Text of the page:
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If you have never had a tankless water heater before, the idea of installing one may be intimidating. However, if you want to make your home more energy-efficient and enjoy constant access to hot water, then it may not be a bad idea to look at your options. Upfront, tankless water heaters tend to cost more, but they have a much longer lifespan if properly maintained and utilize much less water which means reduced energy bills. Over time, the upfront investment will be worth it.
If this is your first time looking at tankless water heaters, you may feel lost looking at your options. It is always a good idea to consult with a plumber to make sure the model you choose is the right fit for your home, but there are a few things that can help you with your decision. Here are a few things to consider when you start looking at models and pricing the actual expense associated with these water heaters.
What Size Tankless Heater Is Right for My House?
Choosing the right size is the most important part of buying water heaters in San Antonio, TX. If you buy a model that is too small of your home then you will probably find that you are running out of hot water because the heater cannot keep up with demand. On the flip side of things, if you purchase a unit that is much larger than what you need you will end up spending more on heating your water. Therefore, in the end, you won’t truly get the benefit of energy efficiency out of your purchase.
With this in mind, there is not a lot of leeway when it comes to sizing tankless water heaters. You need to carefully think about the size of your home, your daily water usage habits, and how many people live in your home. This is a good base, but not the final factors that influence sizing. A plumber will take a look at the flow rate and temperature rise. Here is a closer look at both so that you can make an educated choice.
Temperature Rise- The Change of Water Temperature in the Water Heater
The necessary temperature rise determines how hard water heaters have to work and how powerful it will need to be. The temperature rise is the difference between the temperature of the water when it goes into your water heater and the expected temperature it will be when it comes out. Of course, changing seasons will affect the temperature of the water as it enters the pipes, but in general, every area still has an average groundwater temperature. You can use this average to determine how much work your water heater actually has to do.
Locals experience high temperatures year-round, which means that tankless water heaters, in general, will not be working as hard as a system that is located in the northeast corner of the US. Around the San Antonio area groundwater averages around 67 degrees. That means your starting temperature will be about 67 give or take. Your local plumber can give you a closer estimate. Most homeowners want hot water to be about 102 degrees for bathing and 120 degrees for the washing machine and dishwasher. If your water starts at 67 then you need to heat it an additional 35 to 53 degrees. This number is the temperature rise that you need to search for when browsing through water heaters.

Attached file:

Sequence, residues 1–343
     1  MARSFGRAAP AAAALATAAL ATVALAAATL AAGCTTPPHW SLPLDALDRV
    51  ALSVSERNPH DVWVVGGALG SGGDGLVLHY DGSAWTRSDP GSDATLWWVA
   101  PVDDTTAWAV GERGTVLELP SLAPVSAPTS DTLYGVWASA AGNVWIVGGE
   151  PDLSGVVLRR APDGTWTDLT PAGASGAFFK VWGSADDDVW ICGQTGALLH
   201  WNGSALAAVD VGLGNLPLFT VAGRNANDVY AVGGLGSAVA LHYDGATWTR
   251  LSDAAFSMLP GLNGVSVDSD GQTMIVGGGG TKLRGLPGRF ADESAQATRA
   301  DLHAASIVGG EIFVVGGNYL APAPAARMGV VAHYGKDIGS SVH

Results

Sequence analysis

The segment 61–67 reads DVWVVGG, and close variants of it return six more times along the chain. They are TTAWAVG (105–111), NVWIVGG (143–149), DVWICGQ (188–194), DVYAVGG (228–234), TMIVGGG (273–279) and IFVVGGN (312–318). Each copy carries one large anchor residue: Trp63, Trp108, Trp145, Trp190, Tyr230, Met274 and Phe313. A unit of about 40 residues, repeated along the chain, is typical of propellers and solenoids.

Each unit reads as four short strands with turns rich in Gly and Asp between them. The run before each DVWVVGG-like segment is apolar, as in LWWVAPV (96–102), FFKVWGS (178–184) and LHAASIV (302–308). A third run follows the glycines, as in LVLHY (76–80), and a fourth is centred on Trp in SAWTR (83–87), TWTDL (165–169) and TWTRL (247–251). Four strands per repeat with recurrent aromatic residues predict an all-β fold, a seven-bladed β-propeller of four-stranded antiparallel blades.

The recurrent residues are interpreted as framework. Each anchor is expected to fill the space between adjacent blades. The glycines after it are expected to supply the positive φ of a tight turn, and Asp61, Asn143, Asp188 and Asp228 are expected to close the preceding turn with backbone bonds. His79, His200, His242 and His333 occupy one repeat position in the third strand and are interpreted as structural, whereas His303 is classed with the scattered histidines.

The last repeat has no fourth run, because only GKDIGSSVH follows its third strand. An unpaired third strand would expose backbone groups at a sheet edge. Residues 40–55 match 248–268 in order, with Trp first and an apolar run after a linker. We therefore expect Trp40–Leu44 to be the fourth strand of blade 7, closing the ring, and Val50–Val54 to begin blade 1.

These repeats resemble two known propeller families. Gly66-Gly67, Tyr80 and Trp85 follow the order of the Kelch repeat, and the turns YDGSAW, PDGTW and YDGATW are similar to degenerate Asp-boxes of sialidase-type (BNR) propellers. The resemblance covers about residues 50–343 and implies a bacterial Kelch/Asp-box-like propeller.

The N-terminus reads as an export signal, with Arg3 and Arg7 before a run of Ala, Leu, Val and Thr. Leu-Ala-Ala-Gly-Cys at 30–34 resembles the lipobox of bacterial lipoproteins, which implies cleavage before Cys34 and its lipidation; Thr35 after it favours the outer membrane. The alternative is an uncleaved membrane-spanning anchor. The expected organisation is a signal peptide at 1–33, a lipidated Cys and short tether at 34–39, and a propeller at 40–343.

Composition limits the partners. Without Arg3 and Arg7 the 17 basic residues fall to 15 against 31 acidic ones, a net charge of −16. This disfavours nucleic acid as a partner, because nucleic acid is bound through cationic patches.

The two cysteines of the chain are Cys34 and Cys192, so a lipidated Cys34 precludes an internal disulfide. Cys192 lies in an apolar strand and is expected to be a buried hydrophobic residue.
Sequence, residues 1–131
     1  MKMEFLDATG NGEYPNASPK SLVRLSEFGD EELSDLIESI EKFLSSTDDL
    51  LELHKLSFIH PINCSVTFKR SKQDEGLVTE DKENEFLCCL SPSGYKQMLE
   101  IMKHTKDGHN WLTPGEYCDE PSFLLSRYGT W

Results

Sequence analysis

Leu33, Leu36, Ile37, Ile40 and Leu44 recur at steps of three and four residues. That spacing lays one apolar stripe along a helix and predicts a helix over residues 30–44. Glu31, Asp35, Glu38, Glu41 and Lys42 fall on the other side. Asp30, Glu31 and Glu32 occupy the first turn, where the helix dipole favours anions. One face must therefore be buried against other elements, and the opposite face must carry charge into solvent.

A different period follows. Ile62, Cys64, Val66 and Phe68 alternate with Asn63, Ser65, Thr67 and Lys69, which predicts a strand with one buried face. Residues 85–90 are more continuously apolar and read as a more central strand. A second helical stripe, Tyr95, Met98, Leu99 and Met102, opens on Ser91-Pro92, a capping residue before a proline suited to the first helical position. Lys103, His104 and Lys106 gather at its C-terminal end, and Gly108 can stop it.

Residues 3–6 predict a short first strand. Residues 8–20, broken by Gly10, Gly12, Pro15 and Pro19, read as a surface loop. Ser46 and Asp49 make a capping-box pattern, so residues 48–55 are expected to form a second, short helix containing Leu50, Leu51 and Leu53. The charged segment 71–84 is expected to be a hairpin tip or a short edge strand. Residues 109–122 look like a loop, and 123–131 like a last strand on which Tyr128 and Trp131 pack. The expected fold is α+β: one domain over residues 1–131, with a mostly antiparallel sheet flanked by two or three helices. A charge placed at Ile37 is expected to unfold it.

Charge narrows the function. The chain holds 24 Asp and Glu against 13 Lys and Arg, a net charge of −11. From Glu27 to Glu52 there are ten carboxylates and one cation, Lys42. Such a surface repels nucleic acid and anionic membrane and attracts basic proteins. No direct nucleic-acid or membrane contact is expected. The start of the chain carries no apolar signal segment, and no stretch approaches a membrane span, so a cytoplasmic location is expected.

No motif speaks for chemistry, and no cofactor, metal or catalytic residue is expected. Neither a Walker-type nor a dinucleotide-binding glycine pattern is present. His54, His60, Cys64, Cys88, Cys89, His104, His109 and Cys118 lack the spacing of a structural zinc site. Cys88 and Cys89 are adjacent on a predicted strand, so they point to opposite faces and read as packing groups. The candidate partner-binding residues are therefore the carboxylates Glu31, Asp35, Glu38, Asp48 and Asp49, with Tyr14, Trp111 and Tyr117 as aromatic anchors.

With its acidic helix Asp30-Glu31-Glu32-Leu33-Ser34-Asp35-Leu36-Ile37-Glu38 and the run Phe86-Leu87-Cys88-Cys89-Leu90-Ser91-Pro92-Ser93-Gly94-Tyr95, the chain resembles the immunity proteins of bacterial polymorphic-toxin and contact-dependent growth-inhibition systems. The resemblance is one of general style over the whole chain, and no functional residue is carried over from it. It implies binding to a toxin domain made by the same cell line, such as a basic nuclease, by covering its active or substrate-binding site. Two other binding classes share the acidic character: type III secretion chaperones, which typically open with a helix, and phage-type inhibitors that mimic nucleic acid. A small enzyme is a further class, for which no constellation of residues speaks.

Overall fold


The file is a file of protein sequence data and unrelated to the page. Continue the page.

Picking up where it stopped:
Now that you know the amount of heat you need, you need to determine how much hot water you need. The flow rate represents how much water can be produced by tankless water heaters every minute. The exact measurement is gallons per minute. Since water is produced on demand with a tankless system, you can’t rely on stored water to be divided throughout the home. Instead, you can only use as much water as is available. Regardless of what flow rate you choose, installing tankless water heaters will likely mean that you can only do one or two hot water activities at a time such as taking a shower and running the dishwasher or running the washing machine and bath.
In general, a sink faucet requires 1-1.6gpm while a showerhead requires 2.5gpm. A tub faucet requires 4gpm and a dishwasher takes 1.5gpm while the washing machine takes 2gpm. Now, think about how often you use each of these plumbing fixtures on a regular basis. If two people use the bathroom in the morning you will need at least 5gpm to support them, or if you tend to run the dishwasher and washing machine in the evening you will need at least 3.5gpm. Keep these figures in mind when you start pricing tankless water heaters and attempting to pick the right model for your home.
Considering Both Features Together
While you need to look at both of these numbers, it is important to know that these factors can influence each other. Temperature rise can impact how many gallons per water are produced because it determines how hard the system has to work. The same water heater that can only flow at 5gpm in the north because of a 60 degree temperature rise may be able to deliver 8gpm in the south because of a much lower 30 degree temperature rise.
It can be confusing trying to sort through this information on your own, which is why it is helpful to have a professional plumber to guide you through the math. bluefrog Plumbing + Drain of San Antonio, TX is happy to come out to your home to help you assess your hot water requirements. We can help you choose and then install a tankless water heater that will meet your family’s hot water demands. Give us a call and we will help you get the most out of your investment.